Lesson learnt
As discussed in our previous article “What is MRTA and do you really need it?”, you may or may not need an insurance on your mortgage. It depends on your investment strategy and plan. Our bad experience with this mortgage broker does not affect our view about the insurance itself. It taught us a lesson about working with people with different expertise and interests.

We do believe there are people who can master and do well in more than one job. But we never believe one can do well in jobs that have conflict of interests.


About The Author


Coming from a humble little town named Tangkak in north Johor state of Malaysia, I am so lucky to have chances to learn and work both in Johor Bahru and Singapore - a conurbation with 6.49 million still fast growing population - since year 1996. Hope now I can have a chance to contribute back to the community by sharing what I see, what I know and what I learn in this wonderful place.


  • bla bla bla

    Reply Reply June 17, 2009

    Thanks for highlighting this…

  • Kong

    Reply Reply June 17, 2009


    I am a mortgage broker. I would also do the comparison between difference of insurance available and we never force client to buy. I am not sure what MI mentioned is what type of insurance, but we would offer life insurance which may help accumulating the cash surrender value with better protection than the MRTA premium in long term. It depends on the customer’s need, if they are investors, we would still offer them, but it’s up to them to decide.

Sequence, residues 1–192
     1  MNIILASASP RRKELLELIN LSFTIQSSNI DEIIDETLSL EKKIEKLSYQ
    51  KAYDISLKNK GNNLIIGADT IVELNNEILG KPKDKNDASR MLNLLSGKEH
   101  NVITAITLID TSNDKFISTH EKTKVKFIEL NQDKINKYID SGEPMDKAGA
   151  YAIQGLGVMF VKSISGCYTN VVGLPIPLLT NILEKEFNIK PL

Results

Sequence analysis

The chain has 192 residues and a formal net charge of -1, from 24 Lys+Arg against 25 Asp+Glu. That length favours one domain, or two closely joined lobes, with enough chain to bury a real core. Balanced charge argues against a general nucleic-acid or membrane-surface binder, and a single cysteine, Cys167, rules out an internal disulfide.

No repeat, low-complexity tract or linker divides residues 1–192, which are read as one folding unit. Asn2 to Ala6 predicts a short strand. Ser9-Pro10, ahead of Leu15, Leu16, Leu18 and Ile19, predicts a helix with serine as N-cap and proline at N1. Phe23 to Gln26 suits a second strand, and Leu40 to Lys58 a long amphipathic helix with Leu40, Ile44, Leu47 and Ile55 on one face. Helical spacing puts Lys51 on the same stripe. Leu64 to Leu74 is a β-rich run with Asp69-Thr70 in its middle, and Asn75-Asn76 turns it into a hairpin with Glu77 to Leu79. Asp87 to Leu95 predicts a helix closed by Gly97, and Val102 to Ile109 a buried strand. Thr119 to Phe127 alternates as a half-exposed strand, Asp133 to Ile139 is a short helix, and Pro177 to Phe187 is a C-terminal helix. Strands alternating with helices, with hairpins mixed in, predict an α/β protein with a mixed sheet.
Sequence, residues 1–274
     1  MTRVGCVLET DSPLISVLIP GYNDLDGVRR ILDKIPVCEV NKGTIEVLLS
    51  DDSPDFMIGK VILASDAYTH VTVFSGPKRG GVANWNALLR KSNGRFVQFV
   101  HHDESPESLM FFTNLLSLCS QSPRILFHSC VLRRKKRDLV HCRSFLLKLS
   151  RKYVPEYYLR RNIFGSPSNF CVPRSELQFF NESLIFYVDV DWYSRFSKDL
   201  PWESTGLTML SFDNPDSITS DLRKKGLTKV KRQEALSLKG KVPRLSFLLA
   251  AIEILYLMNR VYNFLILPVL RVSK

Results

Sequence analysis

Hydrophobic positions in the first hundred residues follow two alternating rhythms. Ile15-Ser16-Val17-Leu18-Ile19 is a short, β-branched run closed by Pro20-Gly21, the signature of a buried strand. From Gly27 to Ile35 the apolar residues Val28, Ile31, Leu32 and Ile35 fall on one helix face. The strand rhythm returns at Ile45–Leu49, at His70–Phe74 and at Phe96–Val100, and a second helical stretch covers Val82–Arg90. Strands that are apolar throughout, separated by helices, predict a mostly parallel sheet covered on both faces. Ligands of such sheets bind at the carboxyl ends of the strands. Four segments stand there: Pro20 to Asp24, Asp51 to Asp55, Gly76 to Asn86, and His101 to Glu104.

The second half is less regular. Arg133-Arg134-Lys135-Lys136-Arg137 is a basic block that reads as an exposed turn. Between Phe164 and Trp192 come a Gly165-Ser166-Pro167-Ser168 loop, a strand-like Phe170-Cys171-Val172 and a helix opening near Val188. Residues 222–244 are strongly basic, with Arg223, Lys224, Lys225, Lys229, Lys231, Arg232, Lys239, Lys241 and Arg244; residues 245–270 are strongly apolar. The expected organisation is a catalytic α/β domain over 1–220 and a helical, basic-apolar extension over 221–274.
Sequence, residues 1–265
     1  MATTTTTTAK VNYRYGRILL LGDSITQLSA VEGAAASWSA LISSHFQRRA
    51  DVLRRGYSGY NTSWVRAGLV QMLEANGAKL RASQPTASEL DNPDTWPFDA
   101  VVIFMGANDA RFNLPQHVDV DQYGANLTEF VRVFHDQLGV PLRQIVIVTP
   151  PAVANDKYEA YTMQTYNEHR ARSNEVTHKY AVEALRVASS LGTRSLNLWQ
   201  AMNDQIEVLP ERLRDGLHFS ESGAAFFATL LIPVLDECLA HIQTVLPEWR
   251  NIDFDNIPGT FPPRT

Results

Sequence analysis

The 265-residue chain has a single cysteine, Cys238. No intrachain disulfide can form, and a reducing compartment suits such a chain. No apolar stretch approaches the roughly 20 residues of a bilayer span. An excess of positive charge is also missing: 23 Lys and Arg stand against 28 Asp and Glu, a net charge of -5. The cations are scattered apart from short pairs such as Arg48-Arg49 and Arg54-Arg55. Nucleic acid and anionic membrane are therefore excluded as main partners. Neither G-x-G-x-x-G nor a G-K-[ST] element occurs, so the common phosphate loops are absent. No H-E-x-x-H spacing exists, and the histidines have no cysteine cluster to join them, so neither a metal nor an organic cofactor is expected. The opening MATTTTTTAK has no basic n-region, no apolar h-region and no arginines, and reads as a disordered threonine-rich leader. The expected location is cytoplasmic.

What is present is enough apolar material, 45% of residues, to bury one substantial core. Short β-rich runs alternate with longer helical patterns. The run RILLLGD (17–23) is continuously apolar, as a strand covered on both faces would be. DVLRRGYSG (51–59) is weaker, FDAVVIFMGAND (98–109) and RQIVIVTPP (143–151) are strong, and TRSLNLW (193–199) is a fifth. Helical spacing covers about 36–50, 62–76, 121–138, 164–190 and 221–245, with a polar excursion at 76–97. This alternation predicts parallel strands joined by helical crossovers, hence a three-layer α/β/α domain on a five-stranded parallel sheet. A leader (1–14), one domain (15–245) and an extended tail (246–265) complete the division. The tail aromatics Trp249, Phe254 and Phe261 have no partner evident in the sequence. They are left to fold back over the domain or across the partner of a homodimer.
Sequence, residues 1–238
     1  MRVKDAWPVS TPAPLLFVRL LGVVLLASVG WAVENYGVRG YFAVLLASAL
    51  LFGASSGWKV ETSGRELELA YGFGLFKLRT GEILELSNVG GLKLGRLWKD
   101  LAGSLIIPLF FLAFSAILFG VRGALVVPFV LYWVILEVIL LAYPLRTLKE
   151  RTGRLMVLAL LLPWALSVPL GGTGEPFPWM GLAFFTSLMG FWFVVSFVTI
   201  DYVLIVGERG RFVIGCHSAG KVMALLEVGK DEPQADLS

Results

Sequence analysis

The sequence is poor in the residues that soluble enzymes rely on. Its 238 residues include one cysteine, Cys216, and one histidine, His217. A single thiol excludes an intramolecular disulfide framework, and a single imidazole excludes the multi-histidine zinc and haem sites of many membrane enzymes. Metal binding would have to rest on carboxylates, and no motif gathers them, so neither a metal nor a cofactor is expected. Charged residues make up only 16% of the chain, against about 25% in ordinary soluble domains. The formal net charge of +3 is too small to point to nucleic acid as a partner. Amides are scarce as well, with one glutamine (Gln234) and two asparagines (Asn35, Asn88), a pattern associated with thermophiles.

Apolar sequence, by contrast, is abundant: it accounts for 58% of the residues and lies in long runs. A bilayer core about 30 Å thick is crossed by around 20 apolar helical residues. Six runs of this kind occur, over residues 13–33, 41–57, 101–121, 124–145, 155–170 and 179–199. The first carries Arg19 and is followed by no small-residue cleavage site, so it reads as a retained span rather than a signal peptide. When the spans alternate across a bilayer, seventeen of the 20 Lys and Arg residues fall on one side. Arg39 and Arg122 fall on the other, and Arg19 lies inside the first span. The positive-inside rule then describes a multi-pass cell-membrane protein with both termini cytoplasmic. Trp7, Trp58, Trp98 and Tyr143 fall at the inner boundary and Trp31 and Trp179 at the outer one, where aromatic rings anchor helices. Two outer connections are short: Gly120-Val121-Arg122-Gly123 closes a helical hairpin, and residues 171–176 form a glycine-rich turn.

The decision power still lies with customer, and with due diligence, some customer didn’t buy, should they over-insured or intend to sell it off within short period of time. Well I don’t force them to buy too, but some financial institutions would, should they find insecurity withthe borrower.


    • Kenny

      Reply Reply July 28, 2010

      I looking for Mortgage Broker,where do you based?
      Please call back me @016-2602022
      Thank you.

      28 July,2010

  • espionage

    Reply Reply June 17, 2009

    Yes, I am facing this problem at this moment. Even though my broker is quiet a honest one. He didnt stated that the insurance is compulsory. However, he is very keen to approaching me to buy the MLTA which is even more expansive then MRTA. He is keen on both and happy to proceed it. But I am not so interested on both insurance and he will say something like, Eg, it is not good to have without insurance, dangerious if anything happen to you. I afraid after there is anything happen to you, I can responsible for this……

    It has been still a delay for this at this moment. Reason I giving him is the calculation from the insurer, how the plan work. I asked about the indept details for this insurance plan to hold the purchase and decision. Due to the location wise, he seems not worth to come over my place to settle those explaination and I keep on refuse to met him in town area….

  • HO

    Reply Reply June 18, 2009

    yes, bank will state clearly in offer letter if MRTA if mandatory. Its mandatory for some banks while its not for the other.

  • WS Solutions

    Reply Reply October 1, 2009